Such functions are not necessary but it is a good practice to define them for the following reasons:

  1. Your code is more readable. E.g. if I write (iter (right-subtree tr) …, then it is clear that I iterate over the right subtree. On the other hand, one has to remember the precise structure of the node to understand (iter (caddr tr) ….
  2. Such helper functions erect so-called abstraction barriers between your code and the data representation. If you decide for some reason to change your representation (e.g, to change the structure of nodes to (<left-subtree> <var> <right-subtree>)), it suffices to recode only helpers functions. The rest of your code stays untouched unlike the case when you don't use them.

We devise two versions of evaluate. The first is recursive function consuming consecutively values of $x_1,\ldots,x_n$ and based on its value recursively evaluate either left or right subtree. Once all the values are consumed, we should be in a leaf specifying the value of $f(x_1,\ldots,x_n)$.

(define (evaluate tree vals)
    ([null? vals] tree)                                          ; the leaf is the resulting value
    ([= (car vals) 0] (evaluate (left-subtree tree) (cdr vals))) ; if the variable value is 0, go to the left
    (else (evaluate (right-subtree tree) (cdr vals)))            ; otherwise go to the right

The second version uses higher-order functions. It takes the list of values of $x_1,\ldots,x_n$ and converts it into the list of functions left-subtree, right-subtree corresponding to the path defined by vals. Finally, it applies their composition to tree.

(define (evaluate2 tree vals)
  (define (left-right v)                         ; define function 0 -> left-subtree, 1 -> right-subtree
    (if (= v 0) left-subtree right-subtree))
  ((apply compose (map left-right (reverse vals))) tree)   ; map it over vals, compose and apply to tree

The function satisficing-evaluations is a recursive function using an accumulator ev keeping partial evaluation as we traverse the tree. It recursively finds all satisficing evalutions of the left and right subtree, extend them by $0$ (resp. $1$) if they come from left (resp. right), and append them together.

(define (satisficing-evaluations tree)
  (define (make-assignment var val) (list var val))    ; a helper function creating an assignment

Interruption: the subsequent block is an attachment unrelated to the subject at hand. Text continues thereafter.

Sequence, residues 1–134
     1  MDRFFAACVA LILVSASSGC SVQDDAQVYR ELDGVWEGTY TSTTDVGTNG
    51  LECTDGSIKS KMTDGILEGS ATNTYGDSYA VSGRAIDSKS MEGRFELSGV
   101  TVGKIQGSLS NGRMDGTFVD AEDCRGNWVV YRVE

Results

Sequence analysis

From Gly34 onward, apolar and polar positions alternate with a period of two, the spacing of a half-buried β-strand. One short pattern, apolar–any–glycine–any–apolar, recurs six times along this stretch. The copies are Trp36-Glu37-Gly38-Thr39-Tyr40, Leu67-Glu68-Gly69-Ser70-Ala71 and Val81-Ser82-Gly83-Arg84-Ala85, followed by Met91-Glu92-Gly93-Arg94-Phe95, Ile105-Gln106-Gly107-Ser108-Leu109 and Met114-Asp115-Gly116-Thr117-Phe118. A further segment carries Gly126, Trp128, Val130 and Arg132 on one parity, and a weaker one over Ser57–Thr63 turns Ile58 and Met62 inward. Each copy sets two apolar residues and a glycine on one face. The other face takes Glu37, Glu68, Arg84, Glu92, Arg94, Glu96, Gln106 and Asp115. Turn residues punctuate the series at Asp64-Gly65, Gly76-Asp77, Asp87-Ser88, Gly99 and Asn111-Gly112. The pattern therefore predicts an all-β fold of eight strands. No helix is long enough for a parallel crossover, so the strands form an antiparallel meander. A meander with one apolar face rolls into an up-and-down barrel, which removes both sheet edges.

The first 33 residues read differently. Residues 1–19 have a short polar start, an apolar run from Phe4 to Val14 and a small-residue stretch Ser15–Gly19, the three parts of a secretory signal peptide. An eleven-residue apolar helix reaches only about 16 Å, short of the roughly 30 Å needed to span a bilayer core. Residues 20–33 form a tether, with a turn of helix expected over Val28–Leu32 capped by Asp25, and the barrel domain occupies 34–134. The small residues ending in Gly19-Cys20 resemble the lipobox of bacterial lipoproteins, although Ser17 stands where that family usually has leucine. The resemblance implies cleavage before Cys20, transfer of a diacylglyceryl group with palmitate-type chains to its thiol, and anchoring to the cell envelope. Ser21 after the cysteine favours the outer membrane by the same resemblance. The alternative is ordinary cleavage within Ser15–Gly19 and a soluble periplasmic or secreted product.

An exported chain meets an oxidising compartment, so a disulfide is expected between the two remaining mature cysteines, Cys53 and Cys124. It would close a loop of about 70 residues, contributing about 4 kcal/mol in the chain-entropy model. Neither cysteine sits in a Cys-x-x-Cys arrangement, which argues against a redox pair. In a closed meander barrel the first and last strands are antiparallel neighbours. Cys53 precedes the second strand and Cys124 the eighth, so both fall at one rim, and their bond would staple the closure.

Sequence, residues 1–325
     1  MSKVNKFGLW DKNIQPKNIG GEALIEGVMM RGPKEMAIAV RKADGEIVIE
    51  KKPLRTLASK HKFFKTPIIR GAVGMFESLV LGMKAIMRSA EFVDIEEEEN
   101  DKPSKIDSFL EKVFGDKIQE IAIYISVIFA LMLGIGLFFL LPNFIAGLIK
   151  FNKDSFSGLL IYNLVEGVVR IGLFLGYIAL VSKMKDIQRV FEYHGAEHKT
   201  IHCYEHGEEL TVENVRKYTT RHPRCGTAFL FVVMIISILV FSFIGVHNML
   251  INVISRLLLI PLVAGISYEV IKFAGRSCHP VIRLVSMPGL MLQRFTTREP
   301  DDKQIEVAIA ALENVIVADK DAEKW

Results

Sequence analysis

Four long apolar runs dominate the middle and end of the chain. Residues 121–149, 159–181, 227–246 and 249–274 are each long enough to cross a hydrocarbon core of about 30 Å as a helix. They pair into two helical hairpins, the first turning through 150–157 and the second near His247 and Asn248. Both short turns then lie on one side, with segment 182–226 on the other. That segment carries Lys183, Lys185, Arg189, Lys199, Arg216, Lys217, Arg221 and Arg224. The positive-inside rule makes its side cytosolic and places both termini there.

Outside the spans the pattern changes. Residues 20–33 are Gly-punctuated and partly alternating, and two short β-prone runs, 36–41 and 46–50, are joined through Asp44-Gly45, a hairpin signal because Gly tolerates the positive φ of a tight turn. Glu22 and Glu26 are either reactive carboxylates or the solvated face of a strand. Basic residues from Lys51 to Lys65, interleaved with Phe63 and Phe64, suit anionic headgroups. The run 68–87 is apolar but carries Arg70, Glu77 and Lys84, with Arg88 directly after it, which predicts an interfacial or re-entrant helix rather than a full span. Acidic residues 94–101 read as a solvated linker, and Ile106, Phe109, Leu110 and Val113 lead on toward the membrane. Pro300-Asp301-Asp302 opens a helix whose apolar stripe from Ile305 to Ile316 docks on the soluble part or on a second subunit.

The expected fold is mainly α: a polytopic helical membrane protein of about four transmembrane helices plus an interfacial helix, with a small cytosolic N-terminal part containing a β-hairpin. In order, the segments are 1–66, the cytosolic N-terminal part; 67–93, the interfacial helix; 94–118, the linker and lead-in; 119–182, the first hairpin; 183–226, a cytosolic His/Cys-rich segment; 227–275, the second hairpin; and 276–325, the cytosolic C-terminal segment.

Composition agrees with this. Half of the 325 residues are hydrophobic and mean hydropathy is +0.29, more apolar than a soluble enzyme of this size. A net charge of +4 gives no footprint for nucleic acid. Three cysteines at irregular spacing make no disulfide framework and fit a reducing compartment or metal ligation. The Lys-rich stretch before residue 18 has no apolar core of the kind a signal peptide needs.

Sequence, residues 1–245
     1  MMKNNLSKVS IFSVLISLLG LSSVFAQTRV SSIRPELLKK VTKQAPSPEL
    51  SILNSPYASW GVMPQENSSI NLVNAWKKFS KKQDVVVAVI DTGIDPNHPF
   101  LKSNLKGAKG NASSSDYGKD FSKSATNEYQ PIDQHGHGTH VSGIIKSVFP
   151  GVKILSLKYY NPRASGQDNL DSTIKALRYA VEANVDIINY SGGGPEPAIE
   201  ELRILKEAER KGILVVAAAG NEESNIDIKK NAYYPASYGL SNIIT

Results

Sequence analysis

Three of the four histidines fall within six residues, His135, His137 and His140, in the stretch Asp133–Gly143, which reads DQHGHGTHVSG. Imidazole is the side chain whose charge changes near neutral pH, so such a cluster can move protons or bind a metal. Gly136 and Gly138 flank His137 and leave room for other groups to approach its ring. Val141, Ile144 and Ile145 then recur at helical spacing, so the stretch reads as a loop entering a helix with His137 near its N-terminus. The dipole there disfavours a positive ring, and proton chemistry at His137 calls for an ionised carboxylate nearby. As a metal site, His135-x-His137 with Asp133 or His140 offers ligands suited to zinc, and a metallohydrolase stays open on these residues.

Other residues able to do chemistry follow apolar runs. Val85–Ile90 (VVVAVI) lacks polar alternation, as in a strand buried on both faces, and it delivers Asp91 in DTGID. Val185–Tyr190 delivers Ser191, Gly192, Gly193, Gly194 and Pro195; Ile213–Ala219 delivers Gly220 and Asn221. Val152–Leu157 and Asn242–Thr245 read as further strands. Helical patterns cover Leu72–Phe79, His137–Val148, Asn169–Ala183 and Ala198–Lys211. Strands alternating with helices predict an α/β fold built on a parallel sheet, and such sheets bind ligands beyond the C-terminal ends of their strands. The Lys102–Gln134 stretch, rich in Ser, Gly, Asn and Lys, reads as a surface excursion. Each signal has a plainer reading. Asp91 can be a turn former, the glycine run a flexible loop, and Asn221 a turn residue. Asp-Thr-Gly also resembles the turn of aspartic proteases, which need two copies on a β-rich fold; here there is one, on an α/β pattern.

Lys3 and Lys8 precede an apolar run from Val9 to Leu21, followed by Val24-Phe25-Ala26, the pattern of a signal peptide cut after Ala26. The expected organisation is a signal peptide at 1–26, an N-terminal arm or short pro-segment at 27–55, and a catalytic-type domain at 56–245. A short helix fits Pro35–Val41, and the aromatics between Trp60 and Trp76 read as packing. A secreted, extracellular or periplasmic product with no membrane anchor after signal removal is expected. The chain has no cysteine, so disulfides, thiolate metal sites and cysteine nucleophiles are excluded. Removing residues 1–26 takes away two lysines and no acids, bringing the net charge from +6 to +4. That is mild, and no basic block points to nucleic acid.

(define (iter tr ev)
    (if (number? tr)                                   ; are we in a leaf?
        (if (= tr 1) (list (reverse ev)) '())          ; if yes and the resulting value is 1 return that evaluation, otherwise discard it
        (append (iter (left-subtree tr) (cons (make-assignment (variable tr) 0) ev))    ; if not, extend the partial evaluation ev
                (iter (right-subtree tr) (cons (make-assignment (variable tr) 1) ev)))  ; recursively collects satisficing evaluations for
        )                                                                               ; left and right subtree and append
  (iter tree '())

Task 1: Write a function (sub-seq lst) taking a list lst and returning a list of all its sublists/subsequences. E.g.

(sub-seq '(1 2 3)) =>
  (() (3) (2) (2 3) (1) (1 3) (1 2) (1 2 3))

Hint: Code it as a recursive function using the following facts. 1) There is only a single subsequence of the empty list, namely the empty list. 2) Subsequences of $(x_1,x_2,\ldots,x_n)$ are just subsequences of $(x_2,\ldots,x_n)$ together with subsequences starting with $x_1$ and following by a subsequence of $(x_2,\ldots,x_n)$.

(define (sub-seq lst)
  (if (null? lst)
      (let ([el (car lst)]
            [rest-sub-seq (sub-seq (cdr lst))])
        (append rest-sub-seq
                (map ((curry cons) el) rest-sub-seq))

Task 2: Consider a binary tree representing a tournament. Each internal node corresponds to a match. Its structure is (<winner> <left-subtree> <right-subtree>). Leafs are of the form (<team>). E.g.

(define tournament '(F (D (A (A) (B)) (D (C) (D))) (F (F (E) (F)) (G (G) (H)))))
represents the following tree:
                / \
               /   \
              /     \
             /       \
            /         \
           D           F
          / \         / \
         /   \       /   \
        A     D     F     G
       / \   / \   / \   / \
      A   B C   D E   F G   H

Write a function (beaten-teams tree) taking a binary tournament tree and outputting the list of beaten teams by the winner. E.g. (beaten-teams tournament) ⇒ (D G E).